On Sun, 16 Dec 2007 04:03:01 -0800, LisaB
> I have read some of the threads and options, someone said to save the
> document to the old format but I do not have that option. Am I suppose to buy
> a Vista Office to get the word and excel? The only options I have to "open
> with" are...Wordpad or Adobe, when I try either, they open with heiroglyphics
> and wingdings..can anyone lead me in the right direction? new to vista and
> new to this new laptop.
Your question is very hard to understand, but let me ask several
questions and point out several things:
1. Do I correctly understand that you are receiving Word 2007 and
Excel 2007 files as E-mail attachments? These would have extensions
(the last characters at the end of the file name, after the dot) of
..docx and .xlsx.
2. Do you have *any* version of Microsoft Office (Word and Excel)
3. There is no such thing as "Vista Office." You are probably
referring to Microsoft Office 2007, but that can run on both Windows
XP and Vista.
4. You can't open Word or Excel files in either Wordpad or Adobe
Reader. They are both unsuitable for these files, and you get garbage
if you try--what you call "heiroglyphics and wingdings."
5. If you have been sent .docx and .xlsx files, and have pre-2007
versions of Word and Excel, you are not the one to "save the document
to the old format"; it's the person who created the files who would
need to do that. You could ask the sender to use Save as, and save
them as .doc and .xls files (the old formats) before sending them to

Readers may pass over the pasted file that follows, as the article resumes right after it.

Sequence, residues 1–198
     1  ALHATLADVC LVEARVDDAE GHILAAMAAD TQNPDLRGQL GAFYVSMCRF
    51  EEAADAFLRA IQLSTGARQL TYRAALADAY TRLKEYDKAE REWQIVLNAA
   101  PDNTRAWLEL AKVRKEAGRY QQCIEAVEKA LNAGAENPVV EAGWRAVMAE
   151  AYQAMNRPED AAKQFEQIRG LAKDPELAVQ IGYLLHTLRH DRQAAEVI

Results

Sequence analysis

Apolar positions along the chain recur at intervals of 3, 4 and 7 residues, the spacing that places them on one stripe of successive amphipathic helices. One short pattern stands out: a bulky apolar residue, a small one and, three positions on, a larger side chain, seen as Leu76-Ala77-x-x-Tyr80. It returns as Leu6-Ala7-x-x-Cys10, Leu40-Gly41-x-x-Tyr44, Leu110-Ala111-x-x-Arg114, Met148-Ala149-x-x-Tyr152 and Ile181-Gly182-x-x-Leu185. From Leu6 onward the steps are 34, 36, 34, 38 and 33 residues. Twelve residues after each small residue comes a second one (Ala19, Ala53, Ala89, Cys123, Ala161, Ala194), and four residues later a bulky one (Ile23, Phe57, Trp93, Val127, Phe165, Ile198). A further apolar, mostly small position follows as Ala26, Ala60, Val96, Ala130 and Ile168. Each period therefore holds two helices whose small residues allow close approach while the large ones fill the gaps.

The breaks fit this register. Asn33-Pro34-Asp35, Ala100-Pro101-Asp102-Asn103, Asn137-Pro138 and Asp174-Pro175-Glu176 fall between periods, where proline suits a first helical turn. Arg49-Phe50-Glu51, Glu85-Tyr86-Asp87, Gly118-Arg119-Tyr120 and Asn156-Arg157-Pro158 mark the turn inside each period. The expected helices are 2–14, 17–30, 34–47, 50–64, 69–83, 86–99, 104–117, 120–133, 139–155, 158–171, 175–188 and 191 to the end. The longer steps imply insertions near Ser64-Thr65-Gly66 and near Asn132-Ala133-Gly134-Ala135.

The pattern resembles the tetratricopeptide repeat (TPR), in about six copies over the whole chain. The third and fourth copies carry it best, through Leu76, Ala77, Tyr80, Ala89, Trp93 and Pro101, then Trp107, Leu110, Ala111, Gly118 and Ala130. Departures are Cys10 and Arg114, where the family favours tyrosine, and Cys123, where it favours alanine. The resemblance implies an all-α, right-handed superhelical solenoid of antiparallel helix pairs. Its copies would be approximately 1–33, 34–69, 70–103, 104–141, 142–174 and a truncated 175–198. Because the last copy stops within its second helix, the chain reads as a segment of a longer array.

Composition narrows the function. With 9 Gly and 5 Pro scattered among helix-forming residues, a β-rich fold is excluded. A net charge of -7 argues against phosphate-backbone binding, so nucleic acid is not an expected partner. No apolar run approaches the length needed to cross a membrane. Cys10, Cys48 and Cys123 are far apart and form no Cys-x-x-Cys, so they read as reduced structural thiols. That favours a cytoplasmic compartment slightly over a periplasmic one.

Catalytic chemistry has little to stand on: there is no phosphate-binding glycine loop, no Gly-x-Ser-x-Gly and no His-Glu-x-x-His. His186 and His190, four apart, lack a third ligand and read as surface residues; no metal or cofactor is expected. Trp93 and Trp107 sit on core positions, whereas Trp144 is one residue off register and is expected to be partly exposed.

Alternatively, you could install the free patches available from
Microsoft (search for them on the Microsoft web site); that would
permit you to open these files in your older versions.
6. If you don't have any versions of Word and Excel installed, you can
download free viewers for these from Microsoft's web site. Be sure to
get the 2007 version. These viewers will permit you to view the files
you've been sent, but not to modify them or create others.
7. One final point: I should also caution you that opening attachments
like this is very risky. They can contain macro viruses. You often see
advice not to open attachments from people you don't know. I think
that that's one of the most dangerous pieces of advice you see around,
because it implies that it's safe to do the opposite--open attachments
from friends and relatives. But many viruses spread by sending
themselves to everyone in the infected party's address book, so
attachments received from friends are perhaps the *most* risky to
Even if the attachment legitimately comes from a friend, it can
contain a virus. I'm not suggesting that a friend is likely to send
you a virus on purpose, but if the friend is infected without
realizing it, any attachment he sends you is likely to also be
Ken Blake, Microsoft MVP Windows - Shell/User
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